Thursday, December 13, 2018
Some say a picture is worth a thousand words. Well, perhaps a chart might be a way to improve classroom teaching...with the help of dozens of other teachers.
Take a quick peek at the photo below. What do you see?
First, you might notice that the chart has a silhouette of a pineapple.
As indicated by teacher extraordinaire Jennifer Gonzalez, the pineapple is a symbol of hospitality. This photo is taken from her wonderful blog posting entitled: "How Pineapple Charts Revolutionize Professional Development." https://www.cultofpedagogy.com/pineapple-charts/ (The photo itself, on the blog "The Cult of Pedagogy," comes from Gator Run Elementary School in sunny Florida.) As used in educational circles, the pineapple serves as a welcoming invitation to host other teachers to visit classroom spaces for informal observations of your teaching.
Second, the pineapple chart invites teachers to share in a community of teaching by learning in connection with each other. The pineapple chart represents one week's worth of classes. Teachers who are interested in opening up their classroom spaces for informal observations simply fill out one of the available spots with name, subject, time, and classroom location (and even sometimes a description of the agenda),
Third, find a common location for the pineapple chart. Even better, make it a heavily trafficked prominent location. You might consider locating the pineapple chart in your mailroom or student affairs office or even on the walls of one of the main corridors of your law school building. In short, make it easy for people to sign up.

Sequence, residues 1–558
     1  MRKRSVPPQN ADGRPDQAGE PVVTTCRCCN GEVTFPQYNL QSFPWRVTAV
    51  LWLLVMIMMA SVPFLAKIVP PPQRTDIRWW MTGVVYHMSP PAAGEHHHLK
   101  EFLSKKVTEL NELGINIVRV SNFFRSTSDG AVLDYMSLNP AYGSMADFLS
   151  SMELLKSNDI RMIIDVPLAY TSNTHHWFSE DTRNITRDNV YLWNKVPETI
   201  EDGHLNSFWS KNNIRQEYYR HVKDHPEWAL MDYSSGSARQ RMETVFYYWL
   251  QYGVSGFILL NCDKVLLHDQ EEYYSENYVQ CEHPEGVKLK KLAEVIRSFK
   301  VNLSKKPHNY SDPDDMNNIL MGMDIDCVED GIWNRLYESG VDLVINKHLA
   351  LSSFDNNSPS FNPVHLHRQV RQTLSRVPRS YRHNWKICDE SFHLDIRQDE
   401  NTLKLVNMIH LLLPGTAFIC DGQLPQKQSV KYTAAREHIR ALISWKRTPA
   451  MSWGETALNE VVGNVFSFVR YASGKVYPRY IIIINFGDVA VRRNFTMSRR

Fourth, participate. We are all members of learning communities.
Now, I realize that it takes great courage to open yourself up to others, especially to others to observe your teaching. But, I often find that it's in the courageous things of life in which I grow best. So, let go of being all alone in your teaching and instead invite others to participate with you in improving your classroom teaching. And, for the rest of you yet to sign-up for observations, make yourself available and present to observe your colleagues as they freely open up their workspaces to you. That takes courage too. And, please know that we all have so much to learn from each other.
Let me be frank. I suspect that this simple pineapple chart might radically change your learning community for the better, or, in the words of blogger Jennifer Gonzalez, might "revolutionize" your professional development. That's something worthy of sharing with others. (Scott Johns).